Sofia Murtaugh is an all-around great student at White Station High School. She is top-notch academically and goes above and beyond to show her school spirit. This can-do attitude has landed her a coveted spot as a finalist for a national award. “I got a flattering text one day from a friend saying that I had been selected to represent my school in a national competition,” she says. “It was such an honor to be nominated by my school.” Sofia is one of only six finalists chosen from across the country for the “Student to Celebrate” school spirit award presented by Varsity Brands. She plays softball for the Lady Spartans at WSHS, and it was her experience at games that led her to set an extraordinary goal. “I play softball and we don’t get as many fans as some of the other mainstream sports,” Sofia says. “I wanted to put my money where my mouth is and support these other teams, both varsity and club sports. I know these students work really hard just like mainstream sports.” Sofia set a goal at the beginning of the 20162017 school year to attend at least one game of every sport that her school has to offer. She even made a point to chronicle her attendance on a chart. She attended baseball, basketball, golf, tennis, bowling, and so many more games. In fact, she showed up to 24 sporting events.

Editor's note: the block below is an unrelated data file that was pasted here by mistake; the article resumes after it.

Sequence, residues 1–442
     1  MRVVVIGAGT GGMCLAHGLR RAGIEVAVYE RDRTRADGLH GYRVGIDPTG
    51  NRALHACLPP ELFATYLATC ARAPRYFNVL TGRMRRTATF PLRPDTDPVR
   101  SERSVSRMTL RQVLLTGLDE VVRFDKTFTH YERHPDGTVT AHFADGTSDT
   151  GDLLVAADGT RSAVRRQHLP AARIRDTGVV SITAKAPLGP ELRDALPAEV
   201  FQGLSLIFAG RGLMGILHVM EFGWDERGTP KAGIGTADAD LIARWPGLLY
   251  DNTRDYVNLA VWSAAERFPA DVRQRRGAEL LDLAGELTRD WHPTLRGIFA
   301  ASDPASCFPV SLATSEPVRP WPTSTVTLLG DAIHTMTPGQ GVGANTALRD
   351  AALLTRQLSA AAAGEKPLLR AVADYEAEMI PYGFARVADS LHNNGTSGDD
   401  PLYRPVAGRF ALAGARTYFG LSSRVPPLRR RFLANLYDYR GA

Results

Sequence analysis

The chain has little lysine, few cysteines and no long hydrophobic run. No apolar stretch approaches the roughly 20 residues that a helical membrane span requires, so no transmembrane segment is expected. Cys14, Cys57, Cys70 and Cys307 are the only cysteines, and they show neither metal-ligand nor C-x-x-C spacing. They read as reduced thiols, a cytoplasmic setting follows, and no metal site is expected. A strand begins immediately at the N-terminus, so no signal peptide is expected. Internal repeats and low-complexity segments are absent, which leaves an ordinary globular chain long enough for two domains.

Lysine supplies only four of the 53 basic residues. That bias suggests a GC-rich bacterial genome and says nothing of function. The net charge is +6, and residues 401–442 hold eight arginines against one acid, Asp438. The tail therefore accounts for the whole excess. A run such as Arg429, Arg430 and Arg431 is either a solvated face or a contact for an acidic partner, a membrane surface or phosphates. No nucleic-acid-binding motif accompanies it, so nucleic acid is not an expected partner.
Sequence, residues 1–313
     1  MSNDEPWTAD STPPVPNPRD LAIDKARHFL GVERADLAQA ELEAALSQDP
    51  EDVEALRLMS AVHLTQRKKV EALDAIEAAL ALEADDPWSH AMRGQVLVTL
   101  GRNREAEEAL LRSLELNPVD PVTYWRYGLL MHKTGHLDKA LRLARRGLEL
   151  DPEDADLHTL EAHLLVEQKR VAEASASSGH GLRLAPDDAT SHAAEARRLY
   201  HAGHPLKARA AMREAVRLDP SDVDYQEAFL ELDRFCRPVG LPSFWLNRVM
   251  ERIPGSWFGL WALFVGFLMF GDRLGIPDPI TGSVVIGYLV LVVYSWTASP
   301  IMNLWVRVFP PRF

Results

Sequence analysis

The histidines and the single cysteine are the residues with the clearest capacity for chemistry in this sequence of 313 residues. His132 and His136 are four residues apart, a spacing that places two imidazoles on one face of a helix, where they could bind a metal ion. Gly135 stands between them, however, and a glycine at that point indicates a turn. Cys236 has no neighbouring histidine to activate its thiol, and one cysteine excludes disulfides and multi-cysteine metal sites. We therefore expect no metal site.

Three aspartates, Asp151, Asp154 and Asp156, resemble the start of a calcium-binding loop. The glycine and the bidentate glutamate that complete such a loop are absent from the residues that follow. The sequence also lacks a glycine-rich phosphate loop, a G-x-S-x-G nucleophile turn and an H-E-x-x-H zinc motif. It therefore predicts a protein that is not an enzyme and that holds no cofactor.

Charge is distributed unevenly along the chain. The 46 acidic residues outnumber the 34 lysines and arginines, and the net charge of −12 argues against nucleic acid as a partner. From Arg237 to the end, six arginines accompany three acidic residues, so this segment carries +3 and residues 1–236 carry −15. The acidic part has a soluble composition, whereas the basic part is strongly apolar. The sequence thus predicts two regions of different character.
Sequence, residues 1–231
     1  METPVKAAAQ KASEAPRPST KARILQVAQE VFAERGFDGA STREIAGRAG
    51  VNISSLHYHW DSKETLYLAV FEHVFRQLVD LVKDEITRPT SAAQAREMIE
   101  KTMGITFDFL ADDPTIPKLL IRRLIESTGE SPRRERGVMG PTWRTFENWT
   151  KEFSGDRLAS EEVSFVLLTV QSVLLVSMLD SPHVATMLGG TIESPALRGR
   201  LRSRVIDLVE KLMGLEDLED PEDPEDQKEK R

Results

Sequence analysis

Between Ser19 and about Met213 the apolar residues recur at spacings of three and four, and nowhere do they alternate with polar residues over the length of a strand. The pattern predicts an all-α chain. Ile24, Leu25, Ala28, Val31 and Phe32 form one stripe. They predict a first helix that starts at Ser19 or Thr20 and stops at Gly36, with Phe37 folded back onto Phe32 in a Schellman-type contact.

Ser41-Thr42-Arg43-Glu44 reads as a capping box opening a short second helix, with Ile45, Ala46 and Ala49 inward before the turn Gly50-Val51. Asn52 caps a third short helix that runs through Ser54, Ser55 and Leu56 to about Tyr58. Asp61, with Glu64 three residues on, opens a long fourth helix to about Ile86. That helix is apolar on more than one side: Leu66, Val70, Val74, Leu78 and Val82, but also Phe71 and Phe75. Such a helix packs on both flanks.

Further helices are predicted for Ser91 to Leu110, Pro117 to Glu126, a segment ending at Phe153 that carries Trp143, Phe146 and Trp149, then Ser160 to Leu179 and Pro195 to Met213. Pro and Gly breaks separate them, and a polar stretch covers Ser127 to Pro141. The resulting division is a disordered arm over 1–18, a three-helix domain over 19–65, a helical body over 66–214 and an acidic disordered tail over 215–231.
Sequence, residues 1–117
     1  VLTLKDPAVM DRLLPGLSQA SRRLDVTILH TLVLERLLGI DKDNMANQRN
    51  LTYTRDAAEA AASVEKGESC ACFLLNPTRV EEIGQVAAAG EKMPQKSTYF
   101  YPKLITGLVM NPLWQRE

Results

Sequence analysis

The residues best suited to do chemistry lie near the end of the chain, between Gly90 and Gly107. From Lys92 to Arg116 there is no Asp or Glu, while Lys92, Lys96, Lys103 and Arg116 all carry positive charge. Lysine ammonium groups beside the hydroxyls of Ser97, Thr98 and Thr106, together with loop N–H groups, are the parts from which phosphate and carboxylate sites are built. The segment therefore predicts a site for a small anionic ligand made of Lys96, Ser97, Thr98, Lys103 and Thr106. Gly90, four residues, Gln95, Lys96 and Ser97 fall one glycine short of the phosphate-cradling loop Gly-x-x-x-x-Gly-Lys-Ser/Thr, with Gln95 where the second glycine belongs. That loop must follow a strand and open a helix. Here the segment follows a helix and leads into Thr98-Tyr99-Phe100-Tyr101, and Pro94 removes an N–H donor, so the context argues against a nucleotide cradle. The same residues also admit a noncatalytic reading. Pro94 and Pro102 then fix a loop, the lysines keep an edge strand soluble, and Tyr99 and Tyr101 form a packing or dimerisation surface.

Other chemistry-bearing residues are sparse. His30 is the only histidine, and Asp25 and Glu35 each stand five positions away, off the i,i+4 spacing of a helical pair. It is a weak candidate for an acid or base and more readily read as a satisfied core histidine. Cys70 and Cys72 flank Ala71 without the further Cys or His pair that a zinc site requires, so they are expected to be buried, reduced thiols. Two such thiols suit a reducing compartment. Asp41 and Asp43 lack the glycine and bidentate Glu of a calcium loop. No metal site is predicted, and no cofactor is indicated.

spirit perform better academically, are more involved, and feel happier and more connected to their school and community. That certainly is the case for Sofia. The White Station senior was accepted into and recently decided to attend the prestigious Wesleyan University in Middletown, Connecticut, in the Just last month she attended her last event, a fall. rugby match. Sofia will be flying to Disney World for the Her fellow students took notice and Spirit Awards ceremony in the middle of May to submitted her application to Varsity Brands. not only represent herself and White Station but Turns out, she is just the type of student they also Memphis. She says this is about all students, were looking for. whether they play varsity or club sports or no “We’re looking for a student who has a deep sport at all. and genuine love for his or her school and “I do think I made a difference,” Sofia says. “A consistently attends school events and displays lot of times I was the only fan in the stands. the utmost sportsmanship and school pride,” Supporting others is really important.” says Jeff Webb, founder and chairman of Varsity Brands. “This student also takes academics seriously, and challenges him or herself in the classroom.” TUNE IN TO CHEER SOFIA Sofia’s school spirit is not limited to attending games. It’s been a constant for her throughout ON TO VICTORY! her high school experience. She says she goes Now you have a chance to support Sofia all-out for spirit days, like dressing up as a Murtaugh. Varsity Brands is holding its second member of the band KISS during homecoming annual Spirit Awards to showcase students and week. She even painted the school’s mascot, a schools at Disney World on May 15. The ceremony, hosted by Olympic gymnast and gold medalist Spartan head, on the school parking lot. In 2014, Varsity Brands released a study Laurie Hernandez, will be live-streamed at revealing that students with higher levels of varsitybrands.com ME EM MP PH H II S SP EN M PA AR RE NT T .. C CO OM M